June 14, 2010

Dehumidifier Maintenance Parts and Advice

Posted in appliance parts, Health, Home, RepairClinic.com, Weather tagged , , , , , , , , , , , , , , , , , , , at 6:58 am by Liliana

Dehumidifier

Dehumidifier

Even though summer doesn’t officially start until June 21st, hot weather has already arrived in most of the country,  and with it high humidity levels in the atmosphere.

High humidity is not only unpleasant, but can cause mold and mildew to grow inside your home.  A number of health risks (allergies, infections, respiratory problems, etc.) are associated with mold in the air. Insects, including clothes moths, fleas and cockroaches flourish in areas of high humidity. For healthy air, relative humidity in most homes should be 30 to 50%.

Dehumidifier is a small appliance that extracts moisture out of the air. This is how it works: by using a fan to pull ventilation over two sets of refrigerant-filled coils (one cool and one warm,) saturation vapor pressure of water decreases, causing the water in the air to condense and drip into a collecting bucket. Different dehumidifiers have various levels of effectiveness in removing moisture during the same period of time. Dehumidifiers vary according to tank size, water removal, humidistat accuracy, energy efficiency, noise and frost control.

Maintenance advice for your dehumidifier from RepairClinic.com:

  • Get your dehumidifier ready for the cooling season. Check to see that the humidistat is set correctly. If it is set too high (low humidity), the unit may run continuously, which is unnecessary.  Hygrometer is a very useful tool that helps you determine the correct setting for your humidistat.
  • Clean your dehumidifier water container.
  • Replace your dehumidifier filter. RepairClinic.com has several to choose from in our dehumidifier accessories section.
  • If you need a part for a broken dehumidifier, RepairClinic.com has parts for any unit.

Have a cool and pleasant summer!

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May 15, 2010

Open Your Windows!

Posted in appliance parts, Breast Cancer, Cancer, Cleaning, Health, Home, RepairClinic.com tagged , , , , , , , , , , , , , at 10:02 am by Liliana

Open Your Window

Open Your Windows

The U.S. Environmental Protection Agency (EPA) classifies indoor air pollution as one of the top risks to public health in our environment. Often, the air inside is more polluted than the air outside. What can we do to keep the air in our home fresh, clean and healthy? EPA offers a few easy to follow suggestions:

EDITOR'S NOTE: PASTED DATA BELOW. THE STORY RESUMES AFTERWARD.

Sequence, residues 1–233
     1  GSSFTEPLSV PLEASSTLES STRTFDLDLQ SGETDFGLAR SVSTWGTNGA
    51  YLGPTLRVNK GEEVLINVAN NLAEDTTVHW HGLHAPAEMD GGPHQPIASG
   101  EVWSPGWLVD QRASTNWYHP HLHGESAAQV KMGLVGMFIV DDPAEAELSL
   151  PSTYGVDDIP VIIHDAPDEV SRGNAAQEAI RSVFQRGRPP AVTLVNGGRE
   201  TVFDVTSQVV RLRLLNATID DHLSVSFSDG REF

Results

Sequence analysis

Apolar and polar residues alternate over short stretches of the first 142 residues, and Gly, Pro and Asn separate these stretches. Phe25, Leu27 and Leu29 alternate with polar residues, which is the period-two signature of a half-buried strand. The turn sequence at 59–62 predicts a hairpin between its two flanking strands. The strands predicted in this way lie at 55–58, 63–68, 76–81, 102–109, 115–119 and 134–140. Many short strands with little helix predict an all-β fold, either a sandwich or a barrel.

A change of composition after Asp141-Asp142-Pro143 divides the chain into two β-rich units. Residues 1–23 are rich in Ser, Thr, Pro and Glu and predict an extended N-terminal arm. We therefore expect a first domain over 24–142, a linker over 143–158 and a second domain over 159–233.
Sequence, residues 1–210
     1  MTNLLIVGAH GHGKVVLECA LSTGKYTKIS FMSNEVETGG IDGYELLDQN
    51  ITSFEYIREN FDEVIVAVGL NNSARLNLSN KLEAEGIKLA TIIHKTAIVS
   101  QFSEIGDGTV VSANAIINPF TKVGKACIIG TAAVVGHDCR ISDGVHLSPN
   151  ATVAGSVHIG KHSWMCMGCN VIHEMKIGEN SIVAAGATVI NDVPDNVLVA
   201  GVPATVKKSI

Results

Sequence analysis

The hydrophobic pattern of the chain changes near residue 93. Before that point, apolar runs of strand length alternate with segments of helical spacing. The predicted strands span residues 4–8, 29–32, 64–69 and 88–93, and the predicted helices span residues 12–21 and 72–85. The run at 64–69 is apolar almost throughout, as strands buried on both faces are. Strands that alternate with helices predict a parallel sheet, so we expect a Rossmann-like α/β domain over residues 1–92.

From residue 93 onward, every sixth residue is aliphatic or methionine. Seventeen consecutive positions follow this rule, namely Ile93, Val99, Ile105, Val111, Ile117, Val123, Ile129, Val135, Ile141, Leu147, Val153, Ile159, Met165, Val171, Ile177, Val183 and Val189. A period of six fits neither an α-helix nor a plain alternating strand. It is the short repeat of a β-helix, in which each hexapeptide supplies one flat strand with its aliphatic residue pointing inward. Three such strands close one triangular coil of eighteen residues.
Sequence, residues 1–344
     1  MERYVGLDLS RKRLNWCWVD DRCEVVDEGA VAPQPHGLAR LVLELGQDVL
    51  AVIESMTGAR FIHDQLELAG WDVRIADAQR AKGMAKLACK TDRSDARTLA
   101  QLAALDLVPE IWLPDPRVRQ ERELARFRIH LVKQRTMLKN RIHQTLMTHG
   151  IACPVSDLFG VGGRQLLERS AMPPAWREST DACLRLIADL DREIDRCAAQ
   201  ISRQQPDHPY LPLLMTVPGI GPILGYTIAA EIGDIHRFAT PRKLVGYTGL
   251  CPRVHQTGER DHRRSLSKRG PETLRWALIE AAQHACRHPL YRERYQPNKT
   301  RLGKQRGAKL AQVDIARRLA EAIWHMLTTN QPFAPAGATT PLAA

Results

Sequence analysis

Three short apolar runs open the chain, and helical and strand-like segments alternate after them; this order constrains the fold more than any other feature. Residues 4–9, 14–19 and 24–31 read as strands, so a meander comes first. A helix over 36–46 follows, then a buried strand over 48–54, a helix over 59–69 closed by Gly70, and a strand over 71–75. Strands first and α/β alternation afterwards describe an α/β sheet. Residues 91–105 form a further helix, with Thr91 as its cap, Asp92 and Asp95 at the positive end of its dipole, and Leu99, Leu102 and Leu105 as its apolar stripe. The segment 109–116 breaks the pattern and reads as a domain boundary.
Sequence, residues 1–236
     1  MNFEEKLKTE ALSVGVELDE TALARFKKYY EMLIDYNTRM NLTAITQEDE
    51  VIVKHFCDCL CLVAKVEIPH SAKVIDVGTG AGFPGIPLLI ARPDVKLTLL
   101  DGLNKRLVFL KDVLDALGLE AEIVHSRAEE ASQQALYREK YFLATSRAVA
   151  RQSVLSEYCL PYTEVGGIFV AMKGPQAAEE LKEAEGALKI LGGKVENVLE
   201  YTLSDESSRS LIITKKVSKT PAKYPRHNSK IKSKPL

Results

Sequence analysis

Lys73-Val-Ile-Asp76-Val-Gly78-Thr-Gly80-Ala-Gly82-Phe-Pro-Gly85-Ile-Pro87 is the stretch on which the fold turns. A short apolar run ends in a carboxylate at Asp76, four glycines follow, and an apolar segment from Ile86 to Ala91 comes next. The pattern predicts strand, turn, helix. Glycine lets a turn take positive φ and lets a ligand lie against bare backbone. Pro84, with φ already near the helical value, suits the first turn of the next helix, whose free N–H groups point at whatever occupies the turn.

Open the Windows and Air Your House Out
Every day, even in winter, it is a good idea to open as many windows as you can in your house. The cross breezes will purify the air and make your house smell fresh and feel comfortable.

Keep Houseplants
Green houseplants not only clean the air in our homes by removing toxins but look beautiful and refreshing as well.

Candles and Air Fresheners
Most candles and air fresheners contained phthalates. These chemicals, used to spread fragrance through the air, are believed to cause birth defects, hormonal abnormalities, and reproductive problems. Burn only beeswax and soy-based candles.

Combustion Gases
Gas stoves produce open flames, and places where open flames reside (kitchens, living room fireplaces, furnace rooms, or basements) nitrogen dioxide and carbon dioxide have a chance of building up. It is important to check  and make sure that your gas appliances are properly adjusted. All should have a blue flame; a lot of the yellow or orange color are a sign of higher pollutant levels. If this is the case in your home, you should alert your gas company to adjust the setting. If you are buying a new appliance, select a model with a pilot-less ignition; this type does not have a continuously burning pilot light.

Dust Mites
Although not deadly, dust mites (hiding in bedrooms, linens, sofas, carpets) cause a number of allergies and  may be responsible for stuffy noses and itchy eyes. They could also make asthma symptoms flare up. Cover your pillows and mattresses with tightly woven “allergen protector” covers. Vacuum with a high efficiency particulate air (HEPA) filter; or even better, select wood flooring for your home. It is much easier to keep dust free.